'Ray of hope': Sisters prepare for grand opening of black women-owned coffee shop in San Jose

Amanda del Castillo Image
Friday, September 25, 2020
Sisters prepare for opening of black women-owned coffee shop in SJ
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Starting a business during the COVID-19 pandemic is no easy task, but two sisters in San Jose are proving hard work can help overcome the toughest hurdles.

SAN JOSE, Calif. (KGO) -- Starting a business during the COVID-19 pandemic is no easy task, but two sisters in San Jose are proving hard work can help overcome the toughest hurdles.

The black women-owned business officially opens this Saturday, and ABC7 News was given a sneak peek of what's brewing.

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Sisters and San Jose natives Be'Anka Ashaolu and Jeronica Macey are making their mark along South First Street, in the city's SoFA district. Their coffee shop called Nirvana Soul has taken over the former Caffe Frascati site, in the historic Sainte Claire building.

"I was looking for something that was paradise, tropical- something that felt good," Macey told ABC7 News. "And 'nirvana' just came up."

She said the addition of "soul" just sounded right.

The new business is a dream come true for Macey who explained, "I've actually been in coffee for 17 years, starting here in Willow Glen."

She said she's since taken on different jobs, but has always had a passion for working in the coffee industry.

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"I've always had a passion for working in coffee and helping people," she added. "I think it was something that was always rooted in us since we were kids, with our great grandmother. So, it's kind of something that was always dear to my heart."

The sisters said COVID-19 hit shortly after the pair closed their loan and finally got into the space to start cosmetic renovations.

"We didn't set out to open business in the pandemic," Ashaolu told ABC7 News. "So the challenge for us really came, leading up to that point. Obviously, things are hard right now, but we haven't yet opened. We won't open until this Saturday."

The two chronicled their journey on social media, taking their growing list of followers each step of the way.

"From the very beginning, we said we wanted to build this business with people around here in the community," Ashaolu explained. "We want to be transparent about how we're doing it, the roadblocks we were facing and overcoming those roadblocks."

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After putting in the hard work, Nirvana Soul is now ready for an official debut.

Beyond the fancy cyclops coffee brewer and the fresh waffles, the walls are covered in work from local artists.

"All of these artists have never been in a coffee shop," Macey said. "So, it's all of their first times, and it's really special because this was our first time at a business. So, it's really nice to be able to have an opportunity to give other people an opportunity to have faith. That's what this company is all about."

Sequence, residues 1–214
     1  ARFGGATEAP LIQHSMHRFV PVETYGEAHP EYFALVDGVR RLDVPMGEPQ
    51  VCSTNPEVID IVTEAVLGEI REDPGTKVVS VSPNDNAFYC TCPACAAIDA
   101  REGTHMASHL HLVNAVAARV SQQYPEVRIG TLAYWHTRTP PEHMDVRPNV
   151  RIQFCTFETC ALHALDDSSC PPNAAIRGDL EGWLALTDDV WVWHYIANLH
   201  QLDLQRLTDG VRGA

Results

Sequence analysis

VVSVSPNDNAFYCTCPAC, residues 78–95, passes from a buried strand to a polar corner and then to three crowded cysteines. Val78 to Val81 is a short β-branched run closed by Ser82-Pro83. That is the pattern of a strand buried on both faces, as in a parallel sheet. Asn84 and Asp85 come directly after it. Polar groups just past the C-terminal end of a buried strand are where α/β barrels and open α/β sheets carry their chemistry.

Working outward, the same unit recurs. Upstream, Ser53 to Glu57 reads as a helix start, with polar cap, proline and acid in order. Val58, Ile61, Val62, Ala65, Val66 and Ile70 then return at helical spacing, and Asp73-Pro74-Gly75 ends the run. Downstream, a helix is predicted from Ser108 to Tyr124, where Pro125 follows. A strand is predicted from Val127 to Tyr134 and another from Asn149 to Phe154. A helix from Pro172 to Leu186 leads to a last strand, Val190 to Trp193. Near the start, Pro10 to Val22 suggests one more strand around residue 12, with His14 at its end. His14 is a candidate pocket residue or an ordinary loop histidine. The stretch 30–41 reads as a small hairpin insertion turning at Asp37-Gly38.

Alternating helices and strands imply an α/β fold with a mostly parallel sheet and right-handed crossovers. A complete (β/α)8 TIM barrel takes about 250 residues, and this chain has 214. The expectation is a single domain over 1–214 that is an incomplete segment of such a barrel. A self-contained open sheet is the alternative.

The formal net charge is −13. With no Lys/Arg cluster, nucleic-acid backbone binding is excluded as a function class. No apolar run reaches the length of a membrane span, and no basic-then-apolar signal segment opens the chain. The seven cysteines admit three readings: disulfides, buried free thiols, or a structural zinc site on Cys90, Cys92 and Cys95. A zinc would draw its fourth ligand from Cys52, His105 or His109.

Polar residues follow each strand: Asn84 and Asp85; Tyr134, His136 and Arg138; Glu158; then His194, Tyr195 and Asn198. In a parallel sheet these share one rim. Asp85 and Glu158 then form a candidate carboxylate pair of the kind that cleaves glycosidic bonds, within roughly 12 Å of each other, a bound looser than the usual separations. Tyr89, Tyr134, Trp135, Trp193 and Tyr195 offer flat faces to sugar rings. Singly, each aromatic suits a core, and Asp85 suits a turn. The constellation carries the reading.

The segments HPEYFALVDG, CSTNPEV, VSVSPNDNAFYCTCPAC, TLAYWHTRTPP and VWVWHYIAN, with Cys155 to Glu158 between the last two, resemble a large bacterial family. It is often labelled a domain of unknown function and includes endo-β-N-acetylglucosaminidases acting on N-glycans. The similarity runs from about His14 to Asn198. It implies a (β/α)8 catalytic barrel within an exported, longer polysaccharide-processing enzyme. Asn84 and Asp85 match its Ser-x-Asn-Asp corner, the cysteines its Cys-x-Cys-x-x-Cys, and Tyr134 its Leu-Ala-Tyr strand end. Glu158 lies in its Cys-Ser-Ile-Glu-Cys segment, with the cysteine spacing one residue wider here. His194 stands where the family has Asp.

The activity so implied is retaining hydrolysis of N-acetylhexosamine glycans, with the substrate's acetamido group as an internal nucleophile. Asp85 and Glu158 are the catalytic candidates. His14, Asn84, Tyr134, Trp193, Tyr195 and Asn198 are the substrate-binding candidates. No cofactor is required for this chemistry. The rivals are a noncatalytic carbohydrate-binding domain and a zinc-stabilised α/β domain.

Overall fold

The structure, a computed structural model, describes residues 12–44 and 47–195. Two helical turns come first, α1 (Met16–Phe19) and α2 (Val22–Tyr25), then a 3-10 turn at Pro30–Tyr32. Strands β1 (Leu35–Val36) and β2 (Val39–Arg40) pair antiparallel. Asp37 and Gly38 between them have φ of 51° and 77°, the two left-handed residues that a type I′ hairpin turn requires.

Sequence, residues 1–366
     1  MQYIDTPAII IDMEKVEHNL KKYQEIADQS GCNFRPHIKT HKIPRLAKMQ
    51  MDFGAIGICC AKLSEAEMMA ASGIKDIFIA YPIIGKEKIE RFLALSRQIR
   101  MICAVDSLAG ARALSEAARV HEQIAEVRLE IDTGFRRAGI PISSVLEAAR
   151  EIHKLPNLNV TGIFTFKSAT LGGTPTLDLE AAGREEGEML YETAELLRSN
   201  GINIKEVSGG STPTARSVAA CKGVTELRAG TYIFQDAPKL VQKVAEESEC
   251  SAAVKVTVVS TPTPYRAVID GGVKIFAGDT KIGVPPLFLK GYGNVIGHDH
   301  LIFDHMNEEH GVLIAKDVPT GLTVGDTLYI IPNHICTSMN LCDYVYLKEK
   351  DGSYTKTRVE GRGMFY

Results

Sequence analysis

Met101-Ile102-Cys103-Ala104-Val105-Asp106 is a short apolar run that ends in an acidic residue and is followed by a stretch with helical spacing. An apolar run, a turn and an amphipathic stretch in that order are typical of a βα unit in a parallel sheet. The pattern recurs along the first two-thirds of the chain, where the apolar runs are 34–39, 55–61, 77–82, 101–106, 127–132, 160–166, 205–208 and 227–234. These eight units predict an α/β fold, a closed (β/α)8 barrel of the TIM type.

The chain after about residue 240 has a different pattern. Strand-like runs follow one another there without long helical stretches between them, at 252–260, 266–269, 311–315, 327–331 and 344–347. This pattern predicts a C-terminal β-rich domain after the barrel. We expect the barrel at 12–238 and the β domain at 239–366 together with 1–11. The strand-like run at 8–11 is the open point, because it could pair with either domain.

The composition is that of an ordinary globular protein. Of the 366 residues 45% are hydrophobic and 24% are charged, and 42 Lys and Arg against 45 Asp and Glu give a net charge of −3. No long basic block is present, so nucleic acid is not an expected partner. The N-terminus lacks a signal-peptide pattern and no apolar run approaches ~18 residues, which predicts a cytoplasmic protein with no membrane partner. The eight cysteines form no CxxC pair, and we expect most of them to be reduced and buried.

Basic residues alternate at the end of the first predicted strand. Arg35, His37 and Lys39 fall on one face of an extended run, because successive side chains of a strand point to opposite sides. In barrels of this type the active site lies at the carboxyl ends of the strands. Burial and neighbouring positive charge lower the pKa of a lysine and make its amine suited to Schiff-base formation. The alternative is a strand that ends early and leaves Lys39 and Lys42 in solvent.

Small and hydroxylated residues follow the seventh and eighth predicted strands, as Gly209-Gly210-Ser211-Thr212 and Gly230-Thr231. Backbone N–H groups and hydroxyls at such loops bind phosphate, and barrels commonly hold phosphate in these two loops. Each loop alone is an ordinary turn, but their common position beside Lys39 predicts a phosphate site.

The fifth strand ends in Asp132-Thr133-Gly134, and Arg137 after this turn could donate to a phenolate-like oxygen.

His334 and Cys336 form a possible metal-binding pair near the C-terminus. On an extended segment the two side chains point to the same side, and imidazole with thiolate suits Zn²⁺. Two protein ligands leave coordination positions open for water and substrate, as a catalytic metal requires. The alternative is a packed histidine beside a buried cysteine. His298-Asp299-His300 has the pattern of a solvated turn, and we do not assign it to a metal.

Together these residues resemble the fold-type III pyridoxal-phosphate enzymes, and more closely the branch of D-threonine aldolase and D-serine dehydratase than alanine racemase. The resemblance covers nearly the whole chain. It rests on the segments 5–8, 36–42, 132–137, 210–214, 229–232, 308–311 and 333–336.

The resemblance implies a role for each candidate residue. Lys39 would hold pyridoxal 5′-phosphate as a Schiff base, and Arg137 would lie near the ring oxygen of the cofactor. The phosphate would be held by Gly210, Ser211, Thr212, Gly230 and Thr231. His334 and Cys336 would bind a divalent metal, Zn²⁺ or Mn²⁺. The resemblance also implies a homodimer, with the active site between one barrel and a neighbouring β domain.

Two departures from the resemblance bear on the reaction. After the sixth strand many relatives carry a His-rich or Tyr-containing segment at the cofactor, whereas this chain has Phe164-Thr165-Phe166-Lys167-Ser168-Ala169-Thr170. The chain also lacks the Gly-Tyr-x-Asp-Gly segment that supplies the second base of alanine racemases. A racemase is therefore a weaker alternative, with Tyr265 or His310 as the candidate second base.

"In terms of what it's providing, how about a ray of hope," Nate LeBlanc, Business Development Manager at San Jose Downtown Association said. "The fact that this has all come together, especially given the extremely dire circumstances that the economy, and just the general state of the world is in right now. It's really nice to get some good news."

Referring to the women's social media following, LeBlanc added, "It's more important than ever to kind of focus on brand and reach. Not just the people immediately surrounding you coming in, but kind of making yourself a destination, and they seem to be proving that that system is a working formula."

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LeBlanc, commending the sisters on their attitude and determination.

"We went on a lot of tours. We looked at a lot of spaces. We asked a lot of people for help throughout this time," he said. "And they were always upbeat. They had a great attitude, and they just wouldn't give up."

Macey said she'd offer this advice to small business owners, "Stay encouraged."

"This is a scary and very difficult time, a time that no one really predicted. So, in a lot of ways, it's not fair to have to go through something like this," she continued. "Keep going and try to be as creative as possible. Continue to reach out to their communities and build out their networks. And the message, really for the community, is to not forget about small businesses."

Macey and Ashaolu aren't letting the pandemic keep them from their dreams. And as protests amplify the demand for social justice and support for black-owned businesses, they're introducing a bit of nirvana.

"We're super inclusive. We are black owned. We're very proud of being black owned, and we hope that everyone will continue that support beyond just this year and this moment," Macey told ABC7 News.

The pair's online store opened to customers in July.

Their shop at 315 S 1st Street in San Jose officially opens Saturday morning.

To visit the official Nirvana Soul website, click here.

For their Instagram page, click here. For Facebook, click here. For Twitter, click here.